Analysis: Flawed polls weaken Afghan leader's grip

KABUL (Reuters) - Afghan President Hamid Karzai, his credibility shattered after two deeply flawed elections in a year and the West’s patience worn thin, could unwittingly guarantee the end of his decaying government by insisting foreign troops leave.

Karzai’s government faces a crisis of legitimacy after a presidential vote in August 2009, in which a third of his votes were thrown out as fake, and a parliamentary election in September again hit by “considerable fraud.”

Final results were declared last week in 33 of Afghanistan’s 34 provinces but a new parliament is unlikely this year and prosecutors are investigating dozens of fraud cases.

Analysts paint a grim picture of a floundering government, at once reliant on the West and eager for foreign troops to leave, and of allies increasingly frustrated by corruption and shoddy work building democratic institutions.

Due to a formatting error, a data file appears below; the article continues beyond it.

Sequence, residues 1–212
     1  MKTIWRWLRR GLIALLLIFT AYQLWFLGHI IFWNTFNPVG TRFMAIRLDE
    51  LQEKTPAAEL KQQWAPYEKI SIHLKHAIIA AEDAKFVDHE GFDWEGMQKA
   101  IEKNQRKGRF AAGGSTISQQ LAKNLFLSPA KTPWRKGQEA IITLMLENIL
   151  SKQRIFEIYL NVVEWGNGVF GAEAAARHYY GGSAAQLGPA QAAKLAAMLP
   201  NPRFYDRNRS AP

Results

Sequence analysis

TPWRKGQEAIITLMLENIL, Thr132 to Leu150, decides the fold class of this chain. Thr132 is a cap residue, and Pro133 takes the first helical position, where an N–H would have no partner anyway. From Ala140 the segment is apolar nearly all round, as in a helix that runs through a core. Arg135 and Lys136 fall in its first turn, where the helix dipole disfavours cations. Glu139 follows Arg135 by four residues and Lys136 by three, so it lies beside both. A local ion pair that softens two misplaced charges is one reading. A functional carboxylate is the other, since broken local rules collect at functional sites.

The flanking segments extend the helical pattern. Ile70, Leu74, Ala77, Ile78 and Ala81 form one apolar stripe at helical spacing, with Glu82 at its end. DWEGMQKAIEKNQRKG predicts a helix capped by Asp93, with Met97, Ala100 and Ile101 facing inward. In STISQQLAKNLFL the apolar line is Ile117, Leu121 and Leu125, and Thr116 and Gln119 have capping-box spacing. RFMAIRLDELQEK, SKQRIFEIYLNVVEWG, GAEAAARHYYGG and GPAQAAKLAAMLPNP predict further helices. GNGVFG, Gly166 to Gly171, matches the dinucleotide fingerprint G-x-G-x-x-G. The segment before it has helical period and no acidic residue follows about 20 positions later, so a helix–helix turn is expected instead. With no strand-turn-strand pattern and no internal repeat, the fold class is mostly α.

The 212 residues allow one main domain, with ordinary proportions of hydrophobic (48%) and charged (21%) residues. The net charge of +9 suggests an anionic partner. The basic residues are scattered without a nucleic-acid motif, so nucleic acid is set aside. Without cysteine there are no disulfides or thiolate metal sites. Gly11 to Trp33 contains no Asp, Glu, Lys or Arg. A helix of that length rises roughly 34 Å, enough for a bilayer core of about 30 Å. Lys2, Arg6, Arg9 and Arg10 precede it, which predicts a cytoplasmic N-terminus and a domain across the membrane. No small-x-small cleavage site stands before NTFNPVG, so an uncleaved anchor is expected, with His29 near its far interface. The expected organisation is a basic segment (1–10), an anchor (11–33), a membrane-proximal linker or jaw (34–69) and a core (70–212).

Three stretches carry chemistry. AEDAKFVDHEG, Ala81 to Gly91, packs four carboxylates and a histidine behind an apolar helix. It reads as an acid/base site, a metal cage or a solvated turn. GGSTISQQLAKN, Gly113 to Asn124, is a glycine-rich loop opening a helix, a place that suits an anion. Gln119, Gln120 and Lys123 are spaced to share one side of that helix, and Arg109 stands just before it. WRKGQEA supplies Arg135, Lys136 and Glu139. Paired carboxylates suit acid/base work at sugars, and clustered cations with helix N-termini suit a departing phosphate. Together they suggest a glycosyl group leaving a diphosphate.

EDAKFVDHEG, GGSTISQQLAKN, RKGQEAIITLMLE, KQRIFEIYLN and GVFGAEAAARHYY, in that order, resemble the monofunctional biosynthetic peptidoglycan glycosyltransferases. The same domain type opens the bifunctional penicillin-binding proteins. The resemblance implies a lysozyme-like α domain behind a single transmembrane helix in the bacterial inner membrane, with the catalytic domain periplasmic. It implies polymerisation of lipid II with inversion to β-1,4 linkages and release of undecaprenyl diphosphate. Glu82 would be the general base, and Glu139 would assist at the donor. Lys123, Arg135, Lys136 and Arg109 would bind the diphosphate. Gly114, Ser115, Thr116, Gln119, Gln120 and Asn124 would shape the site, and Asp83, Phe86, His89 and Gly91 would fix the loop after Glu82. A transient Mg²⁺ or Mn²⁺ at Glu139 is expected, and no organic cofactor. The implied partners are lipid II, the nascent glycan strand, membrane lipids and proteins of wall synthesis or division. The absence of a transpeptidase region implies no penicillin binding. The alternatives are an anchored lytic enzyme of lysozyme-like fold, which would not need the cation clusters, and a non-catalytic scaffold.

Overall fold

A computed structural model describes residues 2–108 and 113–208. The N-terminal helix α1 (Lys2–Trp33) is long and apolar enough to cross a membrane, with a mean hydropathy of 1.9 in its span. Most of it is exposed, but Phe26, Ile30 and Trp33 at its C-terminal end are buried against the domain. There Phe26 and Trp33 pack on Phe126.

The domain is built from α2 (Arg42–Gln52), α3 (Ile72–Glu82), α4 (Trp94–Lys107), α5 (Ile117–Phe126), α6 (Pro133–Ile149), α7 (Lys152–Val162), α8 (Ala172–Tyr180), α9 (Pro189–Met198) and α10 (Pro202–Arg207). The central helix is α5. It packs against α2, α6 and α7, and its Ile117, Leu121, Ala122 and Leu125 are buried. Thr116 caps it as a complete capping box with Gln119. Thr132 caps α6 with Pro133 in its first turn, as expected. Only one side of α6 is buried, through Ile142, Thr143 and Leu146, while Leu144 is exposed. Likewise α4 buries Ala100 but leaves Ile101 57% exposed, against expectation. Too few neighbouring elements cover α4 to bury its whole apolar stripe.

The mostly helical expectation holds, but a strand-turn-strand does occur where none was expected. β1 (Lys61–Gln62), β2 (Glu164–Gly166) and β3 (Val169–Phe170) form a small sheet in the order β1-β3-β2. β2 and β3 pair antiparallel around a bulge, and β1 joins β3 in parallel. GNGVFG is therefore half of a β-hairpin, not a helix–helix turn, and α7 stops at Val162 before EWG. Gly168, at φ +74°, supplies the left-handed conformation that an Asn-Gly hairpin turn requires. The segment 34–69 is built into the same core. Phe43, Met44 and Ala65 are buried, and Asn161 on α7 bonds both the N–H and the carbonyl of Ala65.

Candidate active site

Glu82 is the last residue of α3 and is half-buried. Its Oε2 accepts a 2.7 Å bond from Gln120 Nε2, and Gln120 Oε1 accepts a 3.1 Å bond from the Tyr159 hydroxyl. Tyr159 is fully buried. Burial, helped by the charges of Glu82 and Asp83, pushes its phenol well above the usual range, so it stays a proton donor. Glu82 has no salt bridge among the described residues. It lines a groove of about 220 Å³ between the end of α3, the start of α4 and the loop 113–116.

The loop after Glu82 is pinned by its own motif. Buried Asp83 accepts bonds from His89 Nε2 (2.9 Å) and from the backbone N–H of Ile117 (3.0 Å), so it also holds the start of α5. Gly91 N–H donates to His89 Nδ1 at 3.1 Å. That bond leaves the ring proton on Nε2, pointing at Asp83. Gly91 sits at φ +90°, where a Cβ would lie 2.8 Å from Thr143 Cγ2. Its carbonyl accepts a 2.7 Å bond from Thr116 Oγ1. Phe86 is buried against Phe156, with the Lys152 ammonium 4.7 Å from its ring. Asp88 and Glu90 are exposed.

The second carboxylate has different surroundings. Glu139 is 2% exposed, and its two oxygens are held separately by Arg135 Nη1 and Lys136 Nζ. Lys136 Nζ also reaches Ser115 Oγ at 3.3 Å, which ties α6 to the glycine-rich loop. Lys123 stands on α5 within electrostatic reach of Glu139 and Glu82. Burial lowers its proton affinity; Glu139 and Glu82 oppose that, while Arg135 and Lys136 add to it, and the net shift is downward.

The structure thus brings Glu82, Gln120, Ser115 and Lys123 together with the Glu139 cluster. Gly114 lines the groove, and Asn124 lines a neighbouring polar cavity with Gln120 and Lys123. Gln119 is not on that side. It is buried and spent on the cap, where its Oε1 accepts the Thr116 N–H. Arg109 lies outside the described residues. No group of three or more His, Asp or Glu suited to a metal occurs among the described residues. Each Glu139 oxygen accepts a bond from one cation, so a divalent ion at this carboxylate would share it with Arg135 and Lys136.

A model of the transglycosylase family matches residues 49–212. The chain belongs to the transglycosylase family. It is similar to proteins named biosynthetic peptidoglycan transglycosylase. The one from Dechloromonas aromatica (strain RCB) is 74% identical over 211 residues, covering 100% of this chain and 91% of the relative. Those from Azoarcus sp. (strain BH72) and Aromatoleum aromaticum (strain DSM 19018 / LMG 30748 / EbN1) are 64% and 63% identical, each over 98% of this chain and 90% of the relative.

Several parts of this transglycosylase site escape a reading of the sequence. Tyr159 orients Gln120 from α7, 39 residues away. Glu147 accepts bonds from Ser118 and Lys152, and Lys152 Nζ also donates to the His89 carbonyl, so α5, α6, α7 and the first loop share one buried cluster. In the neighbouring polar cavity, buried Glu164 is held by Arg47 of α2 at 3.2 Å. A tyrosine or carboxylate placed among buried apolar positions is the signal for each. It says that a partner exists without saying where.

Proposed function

“The Karzai administration has pretty much expended all of its political capital,” International Crisis Group (ICG) senior Afghanistan analyst Candace Rondeaux told Reuters.

All this comes at a time when Karzai has asked U.S. and NATO leaders, who have propped up his government with billions of dollars in aid, equipment and cash since 2001, to start drawing down their troops and end combat operations by 2014. But that could spell Karzai’s end.

“Without outside support, the Karzai government would collapse, the Taliban would control much of the country and internal conflict would worsen, increasing the prospects of a return of the destructive civil war of the 1990s,” the ICG said this week in a bleak assessment.